Richard Krawiec







By the River


In the Hermitage

the monk speaks

with God; I talk

to myself & the river


watch carp mouth algae

a hummingbird settle

in a treetop; across the water

remnants of a mill,

furred with moss


This world

where words smoke away

the body settles to dust;






Recovering: Bristol, U.K. 2015


I begin to recognize the oblations;

the city gull roostering the morning;

that beige pigeon, beautiful mongrel,

iridescent neck, sand-barred body pierced

by white tail, cooing from the fire escape

outside my window; the way the wind bends

the trees on the hill, allows them to sway back

as if for breath, bends them again, opens their white

underleaves like a lover’s hands ruffling hair askew.

Children squabble and squeal at the playground.

Traffic clears and reclears its phlegmy throat.


I am becoming familiar once more with the sun,

the way it pushes its fingers through the clouds

as they fold and roll over the rows of milk jug chimneys.

How it dives to create gold slides on the hoods and roofs

of cars stuttering through stoplights. It fingers aside

my curtains, beckons me out of bed. I dress,

walk down the stairs, huff to the top of Brandon Hill

wait for the laughter of strangers – this day three girls

and their Mum, walking a juvenile bulldog who rushes

to dive into a boggy pool, paddles around then out,

and trots off, black coat splotched with green

jewels of blanket weed.


I am becoming familiar with my own breath;

deflating release into the cloud-crossed sky,

opening my lungs as I draw it back to me.



First published in Connotation




Devoción Café


The virtue and power of coffee,

a poster preaches, quoting

Paracelsus, alchemist and occultist,

a man, arrogant as a flood,

who wandered itinerant,

treating the sick.


I wait in a nave of walnut

tables and couches sprawled

beneath arching skylights.

A leather banquette underlines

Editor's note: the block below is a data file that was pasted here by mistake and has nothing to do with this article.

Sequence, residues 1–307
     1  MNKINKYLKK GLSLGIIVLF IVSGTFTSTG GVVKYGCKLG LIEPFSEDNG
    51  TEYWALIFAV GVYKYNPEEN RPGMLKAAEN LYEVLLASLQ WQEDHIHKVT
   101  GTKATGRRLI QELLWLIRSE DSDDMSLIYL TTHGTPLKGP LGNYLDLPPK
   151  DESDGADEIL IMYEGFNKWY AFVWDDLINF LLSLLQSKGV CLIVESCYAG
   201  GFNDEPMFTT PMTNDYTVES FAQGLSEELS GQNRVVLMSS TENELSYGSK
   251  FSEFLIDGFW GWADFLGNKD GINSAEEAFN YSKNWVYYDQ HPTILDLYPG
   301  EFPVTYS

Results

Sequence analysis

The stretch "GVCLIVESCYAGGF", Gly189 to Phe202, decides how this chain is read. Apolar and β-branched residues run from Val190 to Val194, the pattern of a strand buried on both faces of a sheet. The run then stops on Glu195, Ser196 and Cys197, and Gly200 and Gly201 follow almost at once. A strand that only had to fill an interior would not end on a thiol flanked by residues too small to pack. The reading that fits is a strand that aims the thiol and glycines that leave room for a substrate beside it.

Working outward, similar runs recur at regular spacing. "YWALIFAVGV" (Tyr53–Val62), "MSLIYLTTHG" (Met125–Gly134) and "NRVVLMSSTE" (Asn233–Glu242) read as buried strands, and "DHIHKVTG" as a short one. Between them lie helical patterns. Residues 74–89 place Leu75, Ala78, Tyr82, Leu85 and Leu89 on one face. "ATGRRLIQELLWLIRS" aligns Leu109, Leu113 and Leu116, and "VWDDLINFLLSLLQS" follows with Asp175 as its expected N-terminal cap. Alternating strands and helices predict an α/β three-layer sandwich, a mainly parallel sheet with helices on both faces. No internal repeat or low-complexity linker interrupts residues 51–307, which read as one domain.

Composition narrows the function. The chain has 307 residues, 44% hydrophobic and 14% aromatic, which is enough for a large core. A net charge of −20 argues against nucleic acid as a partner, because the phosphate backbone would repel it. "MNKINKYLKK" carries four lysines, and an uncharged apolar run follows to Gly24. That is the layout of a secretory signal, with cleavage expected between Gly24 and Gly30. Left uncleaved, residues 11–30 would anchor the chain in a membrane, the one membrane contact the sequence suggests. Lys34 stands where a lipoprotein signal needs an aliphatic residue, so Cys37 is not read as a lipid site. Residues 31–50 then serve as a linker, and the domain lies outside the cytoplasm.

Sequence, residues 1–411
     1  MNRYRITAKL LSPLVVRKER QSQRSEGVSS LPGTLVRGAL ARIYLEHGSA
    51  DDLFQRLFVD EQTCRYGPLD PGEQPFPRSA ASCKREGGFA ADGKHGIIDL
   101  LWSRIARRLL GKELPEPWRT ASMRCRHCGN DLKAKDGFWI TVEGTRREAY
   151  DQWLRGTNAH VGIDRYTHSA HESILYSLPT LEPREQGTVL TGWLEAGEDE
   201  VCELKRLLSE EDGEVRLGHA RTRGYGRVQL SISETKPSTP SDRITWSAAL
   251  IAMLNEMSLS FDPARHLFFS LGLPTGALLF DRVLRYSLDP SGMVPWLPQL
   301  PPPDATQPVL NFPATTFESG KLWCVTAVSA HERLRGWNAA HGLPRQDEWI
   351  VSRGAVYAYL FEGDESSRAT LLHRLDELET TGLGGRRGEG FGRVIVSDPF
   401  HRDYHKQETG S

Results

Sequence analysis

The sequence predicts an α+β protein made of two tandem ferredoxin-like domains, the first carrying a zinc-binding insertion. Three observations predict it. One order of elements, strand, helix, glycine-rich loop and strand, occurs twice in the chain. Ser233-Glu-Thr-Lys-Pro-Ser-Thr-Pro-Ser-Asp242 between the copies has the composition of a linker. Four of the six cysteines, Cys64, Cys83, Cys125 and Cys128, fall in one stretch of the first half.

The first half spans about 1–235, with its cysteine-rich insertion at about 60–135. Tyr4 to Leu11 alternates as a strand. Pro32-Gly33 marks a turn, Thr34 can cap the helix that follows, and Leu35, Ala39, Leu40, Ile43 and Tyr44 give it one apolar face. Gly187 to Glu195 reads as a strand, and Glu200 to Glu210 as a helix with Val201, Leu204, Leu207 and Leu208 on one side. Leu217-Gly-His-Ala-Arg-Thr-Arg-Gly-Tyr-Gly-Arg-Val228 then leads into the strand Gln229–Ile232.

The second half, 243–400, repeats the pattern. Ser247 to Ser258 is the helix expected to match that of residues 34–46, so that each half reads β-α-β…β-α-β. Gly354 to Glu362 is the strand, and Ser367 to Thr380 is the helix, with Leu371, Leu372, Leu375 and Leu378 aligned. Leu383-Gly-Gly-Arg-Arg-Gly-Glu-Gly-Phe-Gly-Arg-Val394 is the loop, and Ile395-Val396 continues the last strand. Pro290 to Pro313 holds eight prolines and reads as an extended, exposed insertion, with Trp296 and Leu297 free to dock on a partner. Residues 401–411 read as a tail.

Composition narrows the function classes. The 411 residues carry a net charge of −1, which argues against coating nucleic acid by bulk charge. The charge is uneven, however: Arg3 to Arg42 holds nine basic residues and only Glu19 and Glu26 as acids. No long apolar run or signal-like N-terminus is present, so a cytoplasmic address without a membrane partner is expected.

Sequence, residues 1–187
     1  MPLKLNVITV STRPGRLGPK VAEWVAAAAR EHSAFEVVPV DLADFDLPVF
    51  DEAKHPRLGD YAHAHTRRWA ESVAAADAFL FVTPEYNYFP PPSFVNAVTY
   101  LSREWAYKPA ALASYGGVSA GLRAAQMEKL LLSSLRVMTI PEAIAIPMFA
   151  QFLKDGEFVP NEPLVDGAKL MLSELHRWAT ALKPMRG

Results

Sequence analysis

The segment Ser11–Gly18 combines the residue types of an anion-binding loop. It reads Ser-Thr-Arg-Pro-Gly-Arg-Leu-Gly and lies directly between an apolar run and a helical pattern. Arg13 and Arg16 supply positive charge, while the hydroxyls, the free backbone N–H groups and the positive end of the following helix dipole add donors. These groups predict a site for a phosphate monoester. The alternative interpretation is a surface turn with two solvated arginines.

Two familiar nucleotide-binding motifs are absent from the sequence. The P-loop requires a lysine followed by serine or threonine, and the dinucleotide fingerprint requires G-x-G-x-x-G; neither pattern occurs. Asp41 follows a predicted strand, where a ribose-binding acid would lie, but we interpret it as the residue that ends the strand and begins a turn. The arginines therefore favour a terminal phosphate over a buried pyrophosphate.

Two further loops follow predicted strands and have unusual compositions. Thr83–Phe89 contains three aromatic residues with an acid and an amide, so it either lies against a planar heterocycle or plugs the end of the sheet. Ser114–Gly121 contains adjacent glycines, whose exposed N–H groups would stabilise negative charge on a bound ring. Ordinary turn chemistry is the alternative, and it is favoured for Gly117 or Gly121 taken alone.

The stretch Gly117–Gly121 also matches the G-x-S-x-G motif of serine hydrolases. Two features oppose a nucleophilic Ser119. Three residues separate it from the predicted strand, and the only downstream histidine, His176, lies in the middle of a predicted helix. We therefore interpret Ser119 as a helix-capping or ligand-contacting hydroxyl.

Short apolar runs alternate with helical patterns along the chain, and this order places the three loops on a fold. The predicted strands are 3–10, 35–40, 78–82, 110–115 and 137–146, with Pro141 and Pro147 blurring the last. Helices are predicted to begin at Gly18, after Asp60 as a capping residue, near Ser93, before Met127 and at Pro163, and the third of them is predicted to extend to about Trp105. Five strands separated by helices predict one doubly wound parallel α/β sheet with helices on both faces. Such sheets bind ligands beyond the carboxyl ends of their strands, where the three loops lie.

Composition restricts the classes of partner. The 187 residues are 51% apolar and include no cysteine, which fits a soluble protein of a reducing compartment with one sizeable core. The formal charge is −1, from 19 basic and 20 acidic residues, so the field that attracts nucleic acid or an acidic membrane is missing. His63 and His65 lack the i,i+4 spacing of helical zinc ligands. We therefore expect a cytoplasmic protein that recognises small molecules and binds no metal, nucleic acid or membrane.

a lush wall of lilies, philodendrons,

and a staghorn fern whose spiky fingers

brush my hair, sharp and delicate,

like a lover’s nails late at night.


The barista pours a Wild Forest,

scent of berries, raw honey.

She wears a duality of hair,

half natural fall, half chosen


The left side,

a tight fade, edged with two

sharp lines, conjures my 70s,

punk rock, Boston, the only place

I ever chose

and felt of as home.

The right side,

loose down-bounce of curls, recall

my mother, when I was a child

in love with her

and she almost made me feel

I belonged.


Women talk over yellow melamine mugs,

Silent men hover close to screens.

Paracelsus believed the cause

of disease was

a mere opinion…


assumed by imagination.


Like this, I suppose.


The bald woman dressed in black

fingers handbags woven in Colombia.

A photograph spotlit by the sun,

shows two hands holding dark beans

as if offering the dove of God.


Here, in this secular Devoción,

surrounded by strangers,

I feel the possibility of chanting,

swinging censers, rising smoke.














Richard Krawiec‘s third book of poetry, Women Who Loved Me Despite, will be published in a revised addition by Sable Books as part of their RE series to keep quality works of poetry in print.  His work appears in dozens of literary magazines, including New Orleans Review, Drunken Boat, Shenandoah, sou’wester, Dublin Review, Connotations, Chautauqua Literary Journal, etc.   In addition to poetry, he has published 2 novels, Time Sharing and Faith in What? a story collection, And Fools of God, and 4 plays.  He has been awarded fellowships from the National Endowment for the Arts, the NC Arts Council (twice), and the Pennsylvania Council on the Arts. His new novel, Vulnerables, will be published by Tusitala Press in Paris this fall. He is founder of Jacar Press, a Community Active publishing company ( that also runs an online magazine One (


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